Real change means systemic change (and why policy coherence matters)

 In Advocacy Hub

Lisanne van der Steeg works as Policy Advisor for Woord en Daad and is a member of the PCSD working group of CONCORD. Woord en Daad is an NGO active in 22 countries worldwide, helping different vulnerable groups, and is a member of EU-CORD. Through our programs – Agricultural Development, Awareness Raising, Sustainable Water, Education and Emergency Aid and Resilience – we have been working on sustainable change for 45 years.

Policy coherence for sustainable development can support countries to achieve sustainable development, whereas policy incoherence can seriously undermine it. By committing to the 2030 Agenda for Sustainable Development, the EU has promised to address policy incoherence and find compromises for policy conflicts.

Woord en Daad is working on this because we believe systemic change is necessary if development cooperation is to have a long-lasting impact.

My motivation to work on policy coherence for sustainable development is that all policies should have a positive impact on development.

Development cooperation is very important, but what if other policies hinder the effects?

  • A farmer in Burkina Faso wants to sell crops but is hindered because  European products are sold for a much cheaper price because of a trade agreement.
  • In Europe, a circular economy is created without looking at the social impacts on workers in developing countries or how our consumption affects the climate in west-Africa.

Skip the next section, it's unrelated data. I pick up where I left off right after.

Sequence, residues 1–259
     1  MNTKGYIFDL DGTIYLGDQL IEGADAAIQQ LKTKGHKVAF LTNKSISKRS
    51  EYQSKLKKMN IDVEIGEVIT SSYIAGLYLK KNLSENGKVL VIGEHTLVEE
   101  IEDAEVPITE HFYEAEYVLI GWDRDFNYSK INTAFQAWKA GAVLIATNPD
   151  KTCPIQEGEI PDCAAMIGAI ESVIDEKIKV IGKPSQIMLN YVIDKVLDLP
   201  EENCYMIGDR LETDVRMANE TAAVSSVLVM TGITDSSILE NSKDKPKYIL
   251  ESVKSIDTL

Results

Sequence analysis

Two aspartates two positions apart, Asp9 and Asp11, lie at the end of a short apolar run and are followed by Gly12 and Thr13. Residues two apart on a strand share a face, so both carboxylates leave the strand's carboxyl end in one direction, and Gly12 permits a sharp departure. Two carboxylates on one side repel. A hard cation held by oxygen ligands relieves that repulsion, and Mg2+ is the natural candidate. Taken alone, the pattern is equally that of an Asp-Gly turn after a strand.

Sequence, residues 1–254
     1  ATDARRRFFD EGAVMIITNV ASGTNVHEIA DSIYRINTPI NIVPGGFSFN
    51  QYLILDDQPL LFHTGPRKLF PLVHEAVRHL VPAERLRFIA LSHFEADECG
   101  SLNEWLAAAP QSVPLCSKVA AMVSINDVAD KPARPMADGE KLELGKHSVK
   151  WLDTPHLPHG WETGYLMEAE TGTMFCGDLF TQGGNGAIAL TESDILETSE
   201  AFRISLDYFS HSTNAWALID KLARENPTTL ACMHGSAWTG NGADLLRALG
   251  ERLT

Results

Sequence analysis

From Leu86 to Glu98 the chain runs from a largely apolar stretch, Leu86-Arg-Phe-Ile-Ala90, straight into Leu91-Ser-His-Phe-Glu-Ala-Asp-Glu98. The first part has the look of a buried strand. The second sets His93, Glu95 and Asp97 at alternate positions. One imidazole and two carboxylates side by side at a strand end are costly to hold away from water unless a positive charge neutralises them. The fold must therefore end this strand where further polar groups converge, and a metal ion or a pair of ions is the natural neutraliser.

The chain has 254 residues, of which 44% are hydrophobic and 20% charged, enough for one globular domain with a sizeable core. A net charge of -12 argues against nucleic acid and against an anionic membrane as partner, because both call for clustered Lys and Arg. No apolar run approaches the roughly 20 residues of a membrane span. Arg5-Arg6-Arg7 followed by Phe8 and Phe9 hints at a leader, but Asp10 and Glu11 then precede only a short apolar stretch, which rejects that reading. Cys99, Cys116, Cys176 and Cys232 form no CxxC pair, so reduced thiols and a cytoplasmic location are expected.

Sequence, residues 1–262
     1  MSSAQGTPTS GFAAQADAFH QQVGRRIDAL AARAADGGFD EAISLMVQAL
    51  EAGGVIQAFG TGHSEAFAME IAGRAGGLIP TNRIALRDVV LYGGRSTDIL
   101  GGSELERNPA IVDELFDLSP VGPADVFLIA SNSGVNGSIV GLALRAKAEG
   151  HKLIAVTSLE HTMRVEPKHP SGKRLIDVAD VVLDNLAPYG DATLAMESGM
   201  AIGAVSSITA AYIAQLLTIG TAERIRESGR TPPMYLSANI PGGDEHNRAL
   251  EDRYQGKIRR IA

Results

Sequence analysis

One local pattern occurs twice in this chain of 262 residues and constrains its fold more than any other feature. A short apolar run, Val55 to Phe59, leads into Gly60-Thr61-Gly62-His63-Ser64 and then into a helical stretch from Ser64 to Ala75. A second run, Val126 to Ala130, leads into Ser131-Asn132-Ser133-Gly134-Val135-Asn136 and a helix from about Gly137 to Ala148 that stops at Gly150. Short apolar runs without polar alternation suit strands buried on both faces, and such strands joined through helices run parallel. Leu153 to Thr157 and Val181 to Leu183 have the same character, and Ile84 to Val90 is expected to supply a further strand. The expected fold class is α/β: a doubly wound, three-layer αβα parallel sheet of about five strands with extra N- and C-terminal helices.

To change the negative impacts of EU policies on development is not just positive for countries affected but also improves the EU’s credibility as a reliable partner.  It is not just about direct impacts on countries outside of the EU. We are calling for a more integrated and long-term approach to EU policy-making.

Efforts for PCSD, therefore, should not only minimise negative external impacts: they should aim at fundamentally changing the economic, social and political system, to such an extent that future generations will be able to live in a world free from poverty, in which human rights and planetary boundaries are respected, and no one is left behind. Therefore I am honored to speak in the PCSD workshop, on behave of concord about structural solutions to improve the coherence for sustainable development.

Lisanne was invited to share this piece ahead of the workshop enhancing Policy Coherence for Development, hosted by the European Parliament’s Committee on Development. 

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